Contractualism, reciprocity, and egalitarian justice

Can contractualism yield a suitably egalitarian conception of social justice? G.A. Cohen has forcefully argued that it cannot - that one cannot be both a contractualist and an egalitarian. Cohen presents a number of arguments to this effect, the particular target of which is John Rawls’s version of contractualism. In this article, I show that, contra Cohen, the Rawlsian model of contractualism, and the ideal of reciprocity on which it relies, can coherently yield egalitarian principles of distributive justice such as the difference principle. I also defend Rawls from the further claim, pressed by Cohen and others, that relying on the idea of mutual or reciprocal advantage will leave the infirm or severely handicapped outside the scope of egalitarian justice. I argue that Rawlsians can account for the claims that the infirm or severely handicapped have on others in terms of a natural duty to aid. Key Words: G.A. Cohen • John Rawls • duty to aid • incentives • inequality • difference principle • social contract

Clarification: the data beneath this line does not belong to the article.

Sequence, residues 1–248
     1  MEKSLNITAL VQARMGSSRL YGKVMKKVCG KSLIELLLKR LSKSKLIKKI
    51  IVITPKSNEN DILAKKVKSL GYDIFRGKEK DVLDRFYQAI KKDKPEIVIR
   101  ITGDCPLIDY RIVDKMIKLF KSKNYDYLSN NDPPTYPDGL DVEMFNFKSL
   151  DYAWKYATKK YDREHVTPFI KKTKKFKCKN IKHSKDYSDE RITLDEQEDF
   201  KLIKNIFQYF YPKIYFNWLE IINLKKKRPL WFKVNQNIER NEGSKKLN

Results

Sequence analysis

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DOI 10.1177/1470594X07073005
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Gabriele Badano (2014). Political Liberalism and the Justice Claims of the Disabled: A Reconciliation. Critical Review of International Social and Political Philosophy 17 (4):1-22.
Cynthia A. Stark (2013). Luck, Opportunity and Disability. Critical Review of International Social and Political Philosophy 16 (3):383-402.

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